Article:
A little more on that particularly troubling last point:

Do monetary unions break up without civil wars?


The break-up of a monetary union is a very rare event. Moreover the break-up of a monetary union with a fiat currency system (ie, paper currency) is extremely unusual. Fixed exchange rate schemes break up all the time. Monetary unions that relied on specie payments did fragment – the Latin Monetary Union of the 19th century fragmented several times – but should be thought of as more of a fixed exchange rate adjustment. Countries went on and off the gold or silver or bimetal standards, and in doing so made or broke ties with other countries’ currencies.


If we consider fiat currency monetary union fragmentation, it is fair to say that the economic circumstances that create a climate for a break-up and the economic consequences that follow from a break-up are very severe indeed. It takes enormous stress for a government to get to the point where it considers abandoning the lex monetae of a country. The disruption that would follow such a move is also going to be extreme. The costs are high – whether it is a strong or a weak country leaving – in purely monetary terms. When the unemployment consequences are factored in, it is virtually impossible to consider a break-up scenario without some serious social consequences.


With this degree of social dislocation, the historical parallels are unappealing. Past instances of monetary union break-ups have tended to produce one of two results. Either there was a more authoritarian government response to contain or repress the social disorder (a scenario that tended to require a change from democratic to authoritarian or military government), or alternatively, the social disorder worked with existing fault lines in society to divide the country, spilling over into civil war. These are not inevitable conclusions, but indicate that monetary union break-up is not something that can be treated as a casual issue of exchange rate policy.


Even with a paucity of case studies, what evidence we have does lend credence to the political cost argument. Clearly, not all parts of a fracturing monetary union necessarily collapse into chaos. The point is not that everyone suffers, but that some part of the former monetary union is highly likely to suffer.


The fracturing of the Czech and Slovak monetary union in 1993 led to an immediate sealing of the border, capital controls and limits on bank withdrawals. This was not so much secession as destruction and substitution (the Czechoslovak currency ceased to exist entirely). Although the Czech Republic that emerged from the crisis was considered to be a free country (using the Freedom House definition), with political rights improving relative to Czechoslovakia (also considered to be a free country), Slovakia saw a deterioration in the assessment of its political rights and civil liberties, and was designated “partially free” (again, using Freedom House criteria).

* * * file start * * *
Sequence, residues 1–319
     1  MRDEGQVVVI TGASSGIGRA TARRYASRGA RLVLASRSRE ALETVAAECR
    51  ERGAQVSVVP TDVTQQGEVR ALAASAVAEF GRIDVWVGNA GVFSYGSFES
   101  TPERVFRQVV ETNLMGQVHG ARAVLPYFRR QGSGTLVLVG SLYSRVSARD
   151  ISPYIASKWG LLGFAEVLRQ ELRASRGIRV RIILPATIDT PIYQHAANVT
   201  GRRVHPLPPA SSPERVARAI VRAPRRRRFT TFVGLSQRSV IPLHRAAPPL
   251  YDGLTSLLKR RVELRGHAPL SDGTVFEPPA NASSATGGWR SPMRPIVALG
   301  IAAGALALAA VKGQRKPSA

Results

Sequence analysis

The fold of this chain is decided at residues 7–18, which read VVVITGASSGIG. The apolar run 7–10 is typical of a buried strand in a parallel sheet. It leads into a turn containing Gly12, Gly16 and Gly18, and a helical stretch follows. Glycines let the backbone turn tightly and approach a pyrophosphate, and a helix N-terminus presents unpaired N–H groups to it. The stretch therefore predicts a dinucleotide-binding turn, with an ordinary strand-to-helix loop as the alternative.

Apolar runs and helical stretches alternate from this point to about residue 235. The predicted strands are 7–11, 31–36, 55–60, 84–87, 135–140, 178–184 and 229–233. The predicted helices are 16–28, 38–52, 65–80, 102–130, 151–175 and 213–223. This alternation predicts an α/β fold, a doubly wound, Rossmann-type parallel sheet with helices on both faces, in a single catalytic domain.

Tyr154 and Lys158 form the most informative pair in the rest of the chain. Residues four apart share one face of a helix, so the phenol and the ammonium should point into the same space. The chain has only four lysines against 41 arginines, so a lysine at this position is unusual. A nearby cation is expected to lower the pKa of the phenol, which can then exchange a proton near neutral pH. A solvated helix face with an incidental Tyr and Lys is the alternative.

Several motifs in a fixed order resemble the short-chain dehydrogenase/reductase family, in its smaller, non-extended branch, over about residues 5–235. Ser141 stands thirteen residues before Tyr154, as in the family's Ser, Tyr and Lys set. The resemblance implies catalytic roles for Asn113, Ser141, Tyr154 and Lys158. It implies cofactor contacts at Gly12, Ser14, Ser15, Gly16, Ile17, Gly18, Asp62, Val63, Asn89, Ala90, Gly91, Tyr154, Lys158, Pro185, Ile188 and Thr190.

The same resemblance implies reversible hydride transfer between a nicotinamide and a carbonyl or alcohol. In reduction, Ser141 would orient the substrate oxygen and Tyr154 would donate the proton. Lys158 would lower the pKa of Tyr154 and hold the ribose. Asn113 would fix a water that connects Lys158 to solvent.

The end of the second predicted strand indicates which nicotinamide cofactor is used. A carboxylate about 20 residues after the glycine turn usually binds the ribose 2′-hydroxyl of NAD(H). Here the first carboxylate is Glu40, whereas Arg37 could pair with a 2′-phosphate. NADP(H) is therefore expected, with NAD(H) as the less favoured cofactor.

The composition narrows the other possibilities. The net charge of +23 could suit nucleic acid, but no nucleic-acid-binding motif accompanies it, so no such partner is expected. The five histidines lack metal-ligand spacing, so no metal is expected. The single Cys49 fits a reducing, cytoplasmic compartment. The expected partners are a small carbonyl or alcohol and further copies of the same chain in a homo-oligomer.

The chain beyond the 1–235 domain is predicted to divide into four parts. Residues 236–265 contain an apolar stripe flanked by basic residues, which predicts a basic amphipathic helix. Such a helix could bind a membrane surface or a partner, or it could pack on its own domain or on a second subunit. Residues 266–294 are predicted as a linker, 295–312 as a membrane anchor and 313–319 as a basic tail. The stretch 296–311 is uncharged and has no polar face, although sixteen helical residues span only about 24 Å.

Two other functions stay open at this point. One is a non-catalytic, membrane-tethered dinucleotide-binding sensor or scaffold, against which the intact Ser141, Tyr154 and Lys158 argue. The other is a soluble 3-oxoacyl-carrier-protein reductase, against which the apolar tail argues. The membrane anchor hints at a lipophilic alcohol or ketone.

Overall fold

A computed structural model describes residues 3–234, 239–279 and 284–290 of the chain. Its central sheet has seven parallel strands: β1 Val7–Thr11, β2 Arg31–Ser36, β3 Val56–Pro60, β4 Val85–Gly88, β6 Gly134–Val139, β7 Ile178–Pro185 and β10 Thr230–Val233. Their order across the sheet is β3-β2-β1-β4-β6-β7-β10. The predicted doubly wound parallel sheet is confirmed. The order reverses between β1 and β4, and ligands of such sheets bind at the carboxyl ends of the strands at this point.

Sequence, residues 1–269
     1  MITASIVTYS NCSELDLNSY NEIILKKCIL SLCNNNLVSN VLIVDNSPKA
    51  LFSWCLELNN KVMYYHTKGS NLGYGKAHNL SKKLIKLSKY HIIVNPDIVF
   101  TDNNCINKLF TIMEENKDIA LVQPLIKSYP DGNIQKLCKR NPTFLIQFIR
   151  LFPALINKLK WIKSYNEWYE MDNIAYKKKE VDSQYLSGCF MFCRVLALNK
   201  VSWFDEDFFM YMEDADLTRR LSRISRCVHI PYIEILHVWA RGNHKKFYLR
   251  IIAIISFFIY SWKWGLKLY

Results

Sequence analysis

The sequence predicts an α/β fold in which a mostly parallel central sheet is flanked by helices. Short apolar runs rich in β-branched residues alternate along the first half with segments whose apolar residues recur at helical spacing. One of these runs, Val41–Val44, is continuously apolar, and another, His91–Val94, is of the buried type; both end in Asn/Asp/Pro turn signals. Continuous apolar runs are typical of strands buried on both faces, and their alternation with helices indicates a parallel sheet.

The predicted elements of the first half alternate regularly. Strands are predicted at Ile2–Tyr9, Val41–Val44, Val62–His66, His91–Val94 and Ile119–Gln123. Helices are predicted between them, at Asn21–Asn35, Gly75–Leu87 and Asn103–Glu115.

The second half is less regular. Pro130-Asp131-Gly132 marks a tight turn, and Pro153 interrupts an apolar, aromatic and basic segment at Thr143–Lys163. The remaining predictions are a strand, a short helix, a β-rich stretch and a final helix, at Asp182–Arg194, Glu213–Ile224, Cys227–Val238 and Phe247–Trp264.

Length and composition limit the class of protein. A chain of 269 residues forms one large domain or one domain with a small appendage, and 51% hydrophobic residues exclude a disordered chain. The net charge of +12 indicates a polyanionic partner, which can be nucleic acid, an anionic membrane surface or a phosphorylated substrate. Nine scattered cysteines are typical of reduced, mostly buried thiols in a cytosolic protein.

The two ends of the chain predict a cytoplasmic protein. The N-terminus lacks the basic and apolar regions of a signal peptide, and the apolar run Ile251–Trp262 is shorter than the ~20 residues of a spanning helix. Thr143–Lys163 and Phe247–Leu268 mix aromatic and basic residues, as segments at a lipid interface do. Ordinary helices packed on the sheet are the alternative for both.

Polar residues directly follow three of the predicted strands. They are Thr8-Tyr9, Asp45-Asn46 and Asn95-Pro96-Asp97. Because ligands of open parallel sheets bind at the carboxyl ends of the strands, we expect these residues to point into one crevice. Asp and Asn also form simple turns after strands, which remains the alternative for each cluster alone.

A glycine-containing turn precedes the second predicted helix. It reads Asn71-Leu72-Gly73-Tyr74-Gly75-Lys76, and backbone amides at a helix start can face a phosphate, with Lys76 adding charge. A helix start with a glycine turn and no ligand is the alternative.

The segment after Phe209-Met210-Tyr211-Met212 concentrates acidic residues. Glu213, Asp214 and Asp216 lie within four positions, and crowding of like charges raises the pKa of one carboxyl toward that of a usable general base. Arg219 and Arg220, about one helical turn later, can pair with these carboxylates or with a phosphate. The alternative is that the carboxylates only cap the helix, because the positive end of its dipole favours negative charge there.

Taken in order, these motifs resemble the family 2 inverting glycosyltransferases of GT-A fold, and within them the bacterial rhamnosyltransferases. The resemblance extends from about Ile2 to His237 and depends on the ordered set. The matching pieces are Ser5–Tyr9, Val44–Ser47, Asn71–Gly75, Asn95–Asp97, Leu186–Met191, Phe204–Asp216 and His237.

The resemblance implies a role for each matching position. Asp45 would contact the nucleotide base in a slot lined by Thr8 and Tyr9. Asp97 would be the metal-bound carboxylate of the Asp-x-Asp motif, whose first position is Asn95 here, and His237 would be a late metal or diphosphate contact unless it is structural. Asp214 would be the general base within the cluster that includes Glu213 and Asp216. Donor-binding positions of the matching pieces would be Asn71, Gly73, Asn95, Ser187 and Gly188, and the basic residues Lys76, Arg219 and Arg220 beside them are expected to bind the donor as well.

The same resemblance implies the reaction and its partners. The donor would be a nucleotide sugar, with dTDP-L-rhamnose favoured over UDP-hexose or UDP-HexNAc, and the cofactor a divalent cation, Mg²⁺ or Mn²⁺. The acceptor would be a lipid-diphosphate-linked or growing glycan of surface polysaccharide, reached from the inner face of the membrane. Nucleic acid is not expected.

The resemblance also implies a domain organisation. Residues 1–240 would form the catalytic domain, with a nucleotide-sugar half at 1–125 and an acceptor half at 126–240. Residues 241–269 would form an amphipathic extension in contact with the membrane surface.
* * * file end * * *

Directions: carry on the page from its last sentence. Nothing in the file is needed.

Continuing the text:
Similarly the break-up of the Soviet Union saw authoritarian regimes in the resulting states. Of course, this was not a change from the previous status quo, but that is not the point. The question is not how a liberal democracy develops, but whether a liberal democracy could withstand the social turmoil that surrounds a monetary union fracturing. We lack evidence to support the idea that it could.


Even the US monetary union break-up in 1932-33 was accompanied by something close to authoritarianism. Roosevelt’s inauguration was described by a contemporary journalist as being conducted in “a beleaguered capital in wartime”, with machine guns covering the Mall. State militia were called out to deal with the reactions of local populations, unhappy at what had happened to the monetary union (and specifically their access to their banks).


Older examples are less helpful, as they tend to be more akin to fixed exchange rate regimes under a gold standard or some other international monetary arrangement. Nevertheless, the Irish separation from the UK, or the convulsions of the Latin Monetary Union in Europe (particularly around the Franco-Prussian war in 1870 and its aftermath) saw monetary unions fragment with varying degrees of violence in some parts of the union.